As I type this, there is a large gathering of people assembled outside in D.C.

You may have not heard, but the disability rights’ organization ADAPT has been fighting relentlessly for the FDA to ban the torture on people with disabilities.

The Judge Rotenberg Center, in the middle of it all, is notorious for its usage of electric shocks on autistics. They claim it’s for “behavior modification,” a blanket statement that lets them abuse people as they please. The regulations against them were written two YEARS ago.

The UN declared it to be torture. 

The FDA has already proposed to ban it.

Those who have been subjected to the torture have described it as “being underground in hell” and a punishment “for being disabled.”

Autistic activists have fought against it. 

They have cataloged and put together information.

Most of all, they speak up.

The victims speak out.

And yet, the regulations haven’t been passed.

FDA Director Scott Gottlieb will most likely never read this.

But if he did, I have this to say:


There are autistic people and people with disabilities being literally tortured. These aren’t just little shocks of punishments (which is still wrong) – this is torturing disabled people simply because it can be done. They can’t stand up, leave a coat on, or exercise autonomy without the fear of the shocks. Not only this, but the victims are in so much pain from the inflicted abuse. This isn’t just about politics; this is a human rights violation.

You have the ability to stop this. You can end the pain, protect others from violence,  and prevent the torture of future victims.

Dr. Gottlieb, you have a moral obligation as a M.D. to protect patients and their well-being. Release the regs, ban the devices, and stop the shock.


If you want to learn more about ADAPT’s efforts to fight against this violence, you can go to their website here: http://adapt.org/JRC

Likewise, if you want to donate to help support the protesters, you can help here: https://www.gofundme.com/stoptheshock

Conferences, Midterms, and Naps

It’s official: I made it through half a semester!

Luckily for me, that means it’s officially Spring Break. Not that I’m actually on a break; I have things to do. I’m hoping that I can take the week to plan things and such. Our Neurodiversity Club is doing things for Autism Acceptance Month, I’m still ironing out the details with one of the departments for our film screening of Deej at some point, and I’m trying to come up with events for the community center. I’ve gotten in touch with the local law enforcement and emergency services to come in and meet our kids and teens, let them see the trucks and the K-9 dogs, and let them get familiar with each other. That should be taking place in April, if all goes to plan. Luckily, our local department does autism and disability training with all the officers, so I’m thinking it will go okay.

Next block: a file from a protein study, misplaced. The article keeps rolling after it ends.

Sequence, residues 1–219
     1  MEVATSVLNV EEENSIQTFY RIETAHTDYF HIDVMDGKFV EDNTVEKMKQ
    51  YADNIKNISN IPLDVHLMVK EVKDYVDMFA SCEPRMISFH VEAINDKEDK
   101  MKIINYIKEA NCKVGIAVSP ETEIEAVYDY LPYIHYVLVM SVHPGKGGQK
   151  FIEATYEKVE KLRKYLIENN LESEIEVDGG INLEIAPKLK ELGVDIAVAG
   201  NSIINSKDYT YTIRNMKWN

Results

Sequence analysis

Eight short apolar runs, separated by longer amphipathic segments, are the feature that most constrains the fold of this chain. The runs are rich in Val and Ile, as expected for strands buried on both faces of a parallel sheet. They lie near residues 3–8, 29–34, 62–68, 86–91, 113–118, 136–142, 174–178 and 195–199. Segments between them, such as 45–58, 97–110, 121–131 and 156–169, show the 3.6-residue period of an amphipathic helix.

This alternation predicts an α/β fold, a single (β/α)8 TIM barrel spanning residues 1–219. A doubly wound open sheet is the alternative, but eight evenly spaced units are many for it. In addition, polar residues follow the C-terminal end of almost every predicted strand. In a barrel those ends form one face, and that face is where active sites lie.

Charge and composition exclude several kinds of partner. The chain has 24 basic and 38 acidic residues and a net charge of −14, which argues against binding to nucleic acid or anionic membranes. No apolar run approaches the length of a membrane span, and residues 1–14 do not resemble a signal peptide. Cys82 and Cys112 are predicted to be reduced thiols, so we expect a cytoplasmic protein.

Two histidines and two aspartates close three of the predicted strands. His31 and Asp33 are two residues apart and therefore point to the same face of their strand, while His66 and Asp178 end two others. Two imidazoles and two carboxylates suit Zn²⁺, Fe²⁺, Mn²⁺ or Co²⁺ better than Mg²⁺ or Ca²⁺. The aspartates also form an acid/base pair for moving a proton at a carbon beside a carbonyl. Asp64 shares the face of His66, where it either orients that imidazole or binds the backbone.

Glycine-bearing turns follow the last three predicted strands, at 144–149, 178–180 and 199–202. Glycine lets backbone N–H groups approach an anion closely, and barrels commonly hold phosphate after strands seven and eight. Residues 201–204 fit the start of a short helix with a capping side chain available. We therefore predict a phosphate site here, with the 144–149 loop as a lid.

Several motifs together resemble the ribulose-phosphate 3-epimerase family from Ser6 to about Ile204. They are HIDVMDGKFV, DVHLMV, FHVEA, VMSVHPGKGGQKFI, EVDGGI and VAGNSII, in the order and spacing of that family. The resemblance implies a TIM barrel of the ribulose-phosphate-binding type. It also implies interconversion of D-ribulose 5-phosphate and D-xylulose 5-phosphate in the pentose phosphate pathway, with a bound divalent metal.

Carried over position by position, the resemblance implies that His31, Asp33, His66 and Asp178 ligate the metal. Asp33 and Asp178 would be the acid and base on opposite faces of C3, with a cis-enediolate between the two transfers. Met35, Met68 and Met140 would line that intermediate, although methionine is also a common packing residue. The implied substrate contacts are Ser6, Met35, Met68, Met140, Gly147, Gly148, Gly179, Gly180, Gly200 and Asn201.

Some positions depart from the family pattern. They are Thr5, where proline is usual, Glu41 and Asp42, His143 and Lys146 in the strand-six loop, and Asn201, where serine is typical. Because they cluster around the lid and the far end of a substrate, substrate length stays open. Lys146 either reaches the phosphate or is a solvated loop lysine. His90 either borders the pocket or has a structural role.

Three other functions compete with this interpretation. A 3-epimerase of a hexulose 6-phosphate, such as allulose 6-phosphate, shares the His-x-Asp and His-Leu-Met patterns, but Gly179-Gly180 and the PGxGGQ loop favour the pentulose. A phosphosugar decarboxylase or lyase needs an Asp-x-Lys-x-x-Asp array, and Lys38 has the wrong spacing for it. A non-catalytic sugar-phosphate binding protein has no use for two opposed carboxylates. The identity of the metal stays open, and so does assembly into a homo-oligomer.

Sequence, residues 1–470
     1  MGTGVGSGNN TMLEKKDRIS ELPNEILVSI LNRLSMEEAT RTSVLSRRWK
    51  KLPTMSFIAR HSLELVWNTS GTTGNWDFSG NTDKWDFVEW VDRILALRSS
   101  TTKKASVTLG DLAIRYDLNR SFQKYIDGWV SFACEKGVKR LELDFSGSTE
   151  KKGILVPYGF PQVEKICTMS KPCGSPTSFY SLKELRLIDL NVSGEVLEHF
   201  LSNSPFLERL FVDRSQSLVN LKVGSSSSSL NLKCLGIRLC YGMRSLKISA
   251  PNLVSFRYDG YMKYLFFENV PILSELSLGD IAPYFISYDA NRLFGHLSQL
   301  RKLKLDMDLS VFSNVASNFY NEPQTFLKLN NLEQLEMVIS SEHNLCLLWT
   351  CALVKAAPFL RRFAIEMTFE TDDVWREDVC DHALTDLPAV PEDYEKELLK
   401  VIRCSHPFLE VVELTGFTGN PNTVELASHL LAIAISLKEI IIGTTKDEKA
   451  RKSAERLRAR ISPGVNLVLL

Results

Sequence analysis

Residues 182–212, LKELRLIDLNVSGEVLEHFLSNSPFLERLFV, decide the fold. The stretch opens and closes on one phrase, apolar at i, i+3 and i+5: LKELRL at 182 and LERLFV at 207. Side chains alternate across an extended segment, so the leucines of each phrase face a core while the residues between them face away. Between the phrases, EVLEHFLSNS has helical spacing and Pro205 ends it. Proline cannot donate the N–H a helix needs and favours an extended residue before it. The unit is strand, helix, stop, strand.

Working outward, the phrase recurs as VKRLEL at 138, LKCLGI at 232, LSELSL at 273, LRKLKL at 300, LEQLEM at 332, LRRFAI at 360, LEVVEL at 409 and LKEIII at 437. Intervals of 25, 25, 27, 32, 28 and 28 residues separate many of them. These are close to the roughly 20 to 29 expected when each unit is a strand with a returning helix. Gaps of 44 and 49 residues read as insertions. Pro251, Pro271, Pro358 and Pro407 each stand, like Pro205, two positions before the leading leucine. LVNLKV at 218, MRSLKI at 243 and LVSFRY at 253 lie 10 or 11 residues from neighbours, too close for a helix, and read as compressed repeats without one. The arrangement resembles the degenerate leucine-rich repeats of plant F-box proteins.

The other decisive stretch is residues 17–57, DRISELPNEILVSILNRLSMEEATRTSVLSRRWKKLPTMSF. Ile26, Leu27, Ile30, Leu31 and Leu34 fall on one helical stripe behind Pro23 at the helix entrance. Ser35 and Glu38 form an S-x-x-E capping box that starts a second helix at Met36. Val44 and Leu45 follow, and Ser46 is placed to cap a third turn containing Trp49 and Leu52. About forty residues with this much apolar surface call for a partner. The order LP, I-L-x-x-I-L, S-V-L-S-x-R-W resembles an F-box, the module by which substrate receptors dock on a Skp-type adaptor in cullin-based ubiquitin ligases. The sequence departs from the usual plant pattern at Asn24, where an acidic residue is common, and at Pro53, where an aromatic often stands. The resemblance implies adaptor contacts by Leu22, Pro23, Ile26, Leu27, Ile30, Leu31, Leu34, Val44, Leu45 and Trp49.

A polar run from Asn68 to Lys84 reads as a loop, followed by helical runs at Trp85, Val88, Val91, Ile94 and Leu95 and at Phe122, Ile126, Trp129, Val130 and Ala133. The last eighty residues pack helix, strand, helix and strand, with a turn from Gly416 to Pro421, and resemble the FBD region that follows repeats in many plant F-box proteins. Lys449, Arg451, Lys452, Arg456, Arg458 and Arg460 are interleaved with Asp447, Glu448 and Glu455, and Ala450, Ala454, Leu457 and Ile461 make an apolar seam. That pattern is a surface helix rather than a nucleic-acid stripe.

Our Disability Day of Mourning event went somewhat okay. We didn’t have as big of a turnout as hoped; still, we played a slideshow of the victims and read out the names – the most important part of the vigil.

DDoM Paper Chain
A colorful paper chain lying on top of a brown table. Each individual link has a name of a filicide victim written.

Some of our friends also spoke and shared some readings from I Am Not A Burden by Tuttle, ‘Remember‘ by Amy Sequenzia, and ‘On Our Backs We Will Carry Them by Ari Ne’eman.
On a brighter note, it’s been confirmed that I’m officially scheduled to speak at two conferences this year!
I’ll be doing a session at the local Autism Society’s conference later next month, and another at the Southeast Adult Autism Symposium in July. The first will be over tips for handling meltdowns and making transitions easier, and the other will be on executive functioning and independent living. (I’m already working on the PowerPoint for the second one.)

I’ll try to write more as things come up. One of my goals is to write more, so we shall see.